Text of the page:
The power of words

“Words are pale shadows of forgotten names. As names have power, words have power. Words can light fires in the minds of men. Words can wring tears from the hardest hearts.” ― Patrick Rothfuss, the Name of the Wind

Futurist’s manifesto and Adolf loos hatred of ornamentation

futurism_heroic_boccioni_the_city_rises.jpgthe city raises (1910) Umberto Boccioni

The early 20th century was marked by powerful texts highlighting a rebellion against the continuation of the past traditions and demand for a radical change. Two of the most important texts are ‘ornamentation and crime’ by architect Adolf loos and futurist manifesto written by Italian poet Filippo Tommaso Marinetti along with eight other people.

These radical ideas, put forth by a set of young generation, stemming simultaneously from different parts of the world shows the conception of modernist ideologies of creating new world; a world that is not decorated by the classical heritage, but of one that embraces the beauty of technology, aesthetics of speed…

Ornament and crime released in 1910 emphasises on the need of modern society to strip ornamentation in its life and break from the past tradition. Adolf loos compares the evolution of human being with that of a Papuan; a Papuan’s need to tattoo itself is equivalent to a degenerate man ornamenting himself. He explains in detail how evolution of man is determined by the less and less usage of ornamentation. “Cultural evolution is equivalent to the removal of Ornament from articles in daily use”. He argues not only that we need to let go of our attachment to the ornamentation of the past, but it is also hampering the economical production of the state. By concentrating on ornamenting a product, a craftsmen is losing on valuable time and money when all modern society needs is fast and minimalist product. “Ornament is wasted labour and hence wasted health”. He declares that ornament is not the style of our epoch or culture, so pursuing it beyond its time is a crime

The futurists express their love for modernity in a different way. Instead of concentrating on the past, they express their love, vigour and passion for the modern technology; they celebrate it with the speed of cars and vehicles. While Adolf loos expressed himself in an argument, Marinetti being a poet enjoys himself in delivering his emotions in a poem. The manifesto states that the past has been beaten and they now live in a world of trams and the smell of engine oils; so one should wake up from the hypocrisy of ignoring it, while enjoying its luxuries, learn to enjoy the beauty of it.We stand on the last promontory of the centuries!… Why should we look back, when what we want is to break down the mysterious doors of the Impossible? Time and Space died yesterday. We already live in the absolute, because we have created eternal, omnipresent speed.The futurists not only instilled these thoughts in people but also in fields of art where they called for new expression of beauty, away from the impressionist’s perfect picture.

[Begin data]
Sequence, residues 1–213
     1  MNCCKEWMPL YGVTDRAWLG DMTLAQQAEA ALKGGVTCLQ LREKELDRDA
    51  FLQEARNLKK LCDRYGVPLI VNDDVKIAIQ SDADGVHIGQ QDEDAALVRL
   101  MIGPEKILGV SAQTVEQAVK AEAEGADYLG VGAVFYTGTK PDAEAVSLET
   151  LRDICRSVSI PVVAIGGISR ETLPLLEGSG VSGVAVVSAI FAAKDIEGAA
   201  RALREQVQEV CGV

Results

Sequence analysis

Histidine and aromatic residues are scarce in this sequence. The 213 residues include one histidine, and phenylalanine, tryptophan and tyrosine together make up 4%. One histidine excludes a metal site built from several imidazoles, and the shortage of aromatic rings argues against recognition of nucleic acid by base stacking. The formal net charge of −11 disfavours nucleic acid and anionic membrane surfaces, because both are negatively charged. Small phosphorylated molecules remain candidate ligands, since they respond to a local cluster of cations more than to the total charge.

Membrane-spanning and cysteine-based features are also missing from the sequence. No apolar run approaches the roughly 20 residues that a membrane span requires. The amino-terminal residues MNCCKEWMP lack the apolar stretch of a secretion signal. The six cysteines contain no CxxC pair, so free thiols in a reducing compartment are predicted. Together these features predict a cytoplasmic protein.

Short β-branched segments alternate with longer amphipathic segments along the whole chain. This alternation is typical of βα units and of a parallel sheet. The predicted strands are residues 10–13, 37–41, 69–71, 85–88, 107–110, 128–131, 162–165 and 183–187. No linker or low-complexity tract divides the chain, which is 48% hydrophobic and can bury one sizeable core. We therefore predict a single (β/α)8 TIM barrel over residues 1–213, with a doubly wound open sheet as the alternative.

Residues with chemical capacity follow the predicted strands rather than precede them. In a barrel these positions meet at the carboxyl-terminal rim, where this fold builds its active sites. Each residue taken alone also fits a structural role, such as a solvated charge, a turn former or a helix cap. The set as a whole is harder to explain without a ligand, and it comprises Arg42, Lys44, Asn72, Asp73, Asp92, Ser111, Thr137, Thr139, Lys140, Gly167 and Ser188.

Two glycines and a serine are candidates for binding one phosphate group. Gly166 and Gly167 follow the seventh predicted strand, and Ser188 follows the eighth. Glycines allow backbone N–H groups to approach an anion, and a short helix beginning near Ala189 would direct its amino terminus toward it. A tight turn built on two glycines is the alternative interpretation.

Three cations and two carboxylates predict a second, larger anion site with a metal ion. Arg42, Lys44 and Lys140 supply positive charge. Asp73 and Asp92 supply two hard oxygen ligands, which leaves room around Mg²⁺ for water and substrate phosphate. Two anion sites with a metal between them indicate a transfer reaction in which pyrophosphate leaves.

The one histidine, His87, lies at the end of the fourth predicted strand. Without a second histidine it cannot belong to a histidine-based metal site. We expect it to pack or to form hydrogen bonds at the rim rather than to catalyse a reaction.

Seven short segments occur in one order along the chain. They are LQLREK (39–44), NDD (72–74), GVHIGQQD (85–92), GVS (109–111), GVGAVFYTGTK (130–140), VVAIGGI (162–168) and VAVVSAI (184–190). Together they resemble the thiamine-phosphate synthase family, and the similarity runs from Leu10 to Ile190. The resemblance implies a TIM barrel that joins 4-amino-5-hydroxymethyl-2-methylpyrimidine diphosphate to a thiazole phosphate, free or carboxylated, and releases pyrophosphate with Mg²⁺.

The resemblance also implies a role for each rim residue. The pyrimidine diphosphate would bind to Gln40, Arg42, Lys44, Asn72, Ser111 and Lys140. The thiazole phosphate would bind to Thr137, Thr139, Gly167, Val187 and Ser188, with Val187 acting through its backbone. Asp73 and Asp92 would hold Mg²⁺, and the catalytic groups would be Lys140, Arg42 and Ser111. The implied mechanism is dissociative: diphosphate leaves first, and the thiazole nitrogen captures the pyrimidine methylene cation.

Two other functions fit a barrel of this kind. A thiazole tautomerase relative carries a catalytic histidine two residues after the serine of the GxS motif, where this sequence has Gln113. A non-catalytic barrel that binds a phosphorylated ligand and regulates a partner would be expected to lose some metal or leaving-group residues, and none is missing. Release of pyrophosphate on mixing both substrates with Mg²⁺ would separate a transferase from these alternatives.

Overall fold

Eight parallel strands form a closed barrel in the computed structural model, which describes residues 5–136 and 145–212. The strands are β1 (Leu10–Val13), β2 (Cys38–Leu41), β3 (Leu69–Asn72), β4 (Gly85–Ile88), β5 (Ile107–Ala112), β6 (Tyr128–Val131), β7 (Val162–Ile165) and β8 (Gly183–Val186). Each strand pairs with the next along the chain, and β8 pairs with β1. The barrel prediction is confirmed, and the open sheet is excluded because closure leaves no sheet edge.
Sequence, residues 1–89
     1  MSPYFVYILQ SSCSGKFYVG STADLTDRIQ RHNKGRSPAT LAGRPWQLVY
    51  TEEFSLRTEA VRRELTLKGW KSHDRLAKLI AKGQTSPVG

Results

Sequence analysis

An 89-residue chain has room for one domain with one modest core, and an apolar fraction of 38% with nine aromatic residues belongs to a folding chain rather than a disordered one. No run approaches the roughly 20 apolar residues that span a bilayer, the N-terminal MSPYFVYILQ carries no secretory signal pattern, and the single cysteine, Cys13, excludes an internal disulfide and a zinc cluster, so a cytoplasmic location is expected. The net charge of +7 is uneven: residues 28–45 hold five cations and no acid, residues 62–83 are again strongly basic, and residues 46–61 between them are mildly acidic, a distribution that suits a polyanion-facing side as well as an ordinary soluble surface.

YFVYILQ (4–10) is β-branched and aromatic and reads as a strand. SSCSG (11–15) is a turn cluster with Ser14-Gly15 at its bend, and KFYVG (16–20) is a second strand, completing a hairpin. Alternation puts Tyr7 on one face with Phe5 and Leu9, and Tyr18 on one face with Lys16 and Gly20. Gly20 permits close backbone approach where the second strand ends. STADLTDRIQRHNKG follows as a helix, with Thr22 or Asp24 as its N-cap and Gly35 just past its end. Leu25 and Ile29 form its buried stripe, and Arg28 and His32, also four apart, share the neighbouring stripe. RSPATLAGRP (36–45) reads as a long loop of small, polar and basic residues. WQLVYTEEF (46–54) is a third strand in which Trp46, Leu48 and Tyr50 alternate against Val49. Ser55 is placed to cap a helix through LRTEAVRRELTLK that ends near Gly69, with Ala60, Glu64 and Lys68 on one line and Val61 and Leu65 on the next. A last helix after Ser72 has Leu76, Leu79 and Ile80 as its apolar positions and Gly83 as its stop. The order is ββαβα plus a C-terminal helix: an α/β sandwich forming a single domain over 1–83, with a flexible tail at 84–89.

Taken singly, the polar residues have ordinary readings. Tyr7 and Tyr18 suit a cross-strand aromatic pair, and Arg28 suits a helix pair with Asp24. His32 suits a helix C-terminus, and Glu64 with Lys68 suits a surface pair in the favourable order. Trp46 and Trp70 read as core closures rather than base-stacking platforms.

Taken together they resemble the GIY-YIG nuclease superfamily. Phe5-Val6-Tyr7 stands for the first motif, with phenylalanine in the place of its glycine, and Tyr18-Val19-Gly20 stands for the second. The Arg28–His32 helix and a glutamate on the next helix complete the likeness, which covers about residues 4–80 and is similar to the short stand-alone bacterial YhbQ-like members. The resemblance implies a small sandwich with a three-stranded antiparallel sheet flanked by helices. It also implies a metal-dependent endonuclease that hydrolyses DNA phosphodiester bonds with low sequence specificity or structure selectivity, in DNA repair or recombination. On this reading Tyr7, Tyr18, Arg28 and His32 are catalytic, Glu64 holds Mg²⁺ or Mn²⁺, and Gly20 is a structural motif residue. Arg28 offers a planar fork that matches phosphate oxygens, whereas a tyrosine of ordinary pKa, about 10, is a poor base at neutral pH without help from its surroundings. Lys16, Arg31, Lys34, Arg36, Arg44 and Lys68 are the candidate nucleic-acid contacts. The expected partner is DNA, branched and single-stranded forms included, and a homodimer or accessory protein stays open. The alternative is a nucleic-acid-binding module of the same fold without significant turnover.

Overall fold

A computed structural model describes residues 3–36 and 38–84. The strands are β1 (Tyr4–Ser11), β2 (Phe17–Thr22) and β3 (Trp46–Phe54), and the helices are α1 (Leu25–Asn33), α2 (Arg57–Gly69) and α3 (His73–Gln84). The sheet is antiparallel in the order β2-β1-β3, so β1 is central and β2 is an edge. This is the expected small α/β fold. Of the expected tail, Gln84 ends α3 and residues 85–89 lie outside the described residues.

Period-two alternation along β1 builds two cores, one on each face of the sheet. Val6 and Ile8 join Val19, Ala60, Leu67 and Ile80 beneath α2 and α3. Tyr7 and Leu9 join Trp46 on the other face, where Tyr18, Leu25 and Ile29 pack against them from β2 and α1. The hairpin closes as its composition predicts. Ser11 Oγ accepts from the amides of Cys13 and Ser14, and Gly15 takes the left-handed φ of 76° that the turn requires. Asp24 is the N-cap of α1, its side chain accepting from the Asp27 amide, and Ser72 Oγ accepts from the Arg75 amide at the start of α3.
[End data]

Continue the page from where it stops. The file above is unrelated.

Even though the world delved into the Second World War immediately after these ideas were published, the ideas did not die in the war or with the death of the futurists. Instead the modernist philosophies rose again to reconstruct the destructed world and shape the ideas of life after the war. Thus we live in a world without ornamentation but not necessarily in a way they imagined. Having lived in their imagined worlds and experiencing the ripples of events of their ideas, one is left to wonder the importance of past and the need to move forward from it. Were they too fast in moving away from that past, that modernity essentially failed in communicating it to the people or were the people weren’t just ready to detach from the past in the name of culture. What do we envision now knowing the failures of the previous vision?

[602 words]

references:

https://en.wikipedia.org/wiki/Manifesto_of_Futurism

http://www.unknown.nu/futurism/

http://www.goodreads.com/quotes/tag/power-of-words

The Founding and Manifesto of Futurism

http://depts.washington.edu/vienna/documents/Loos/Loos_Ornament.htm

 

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The power of words

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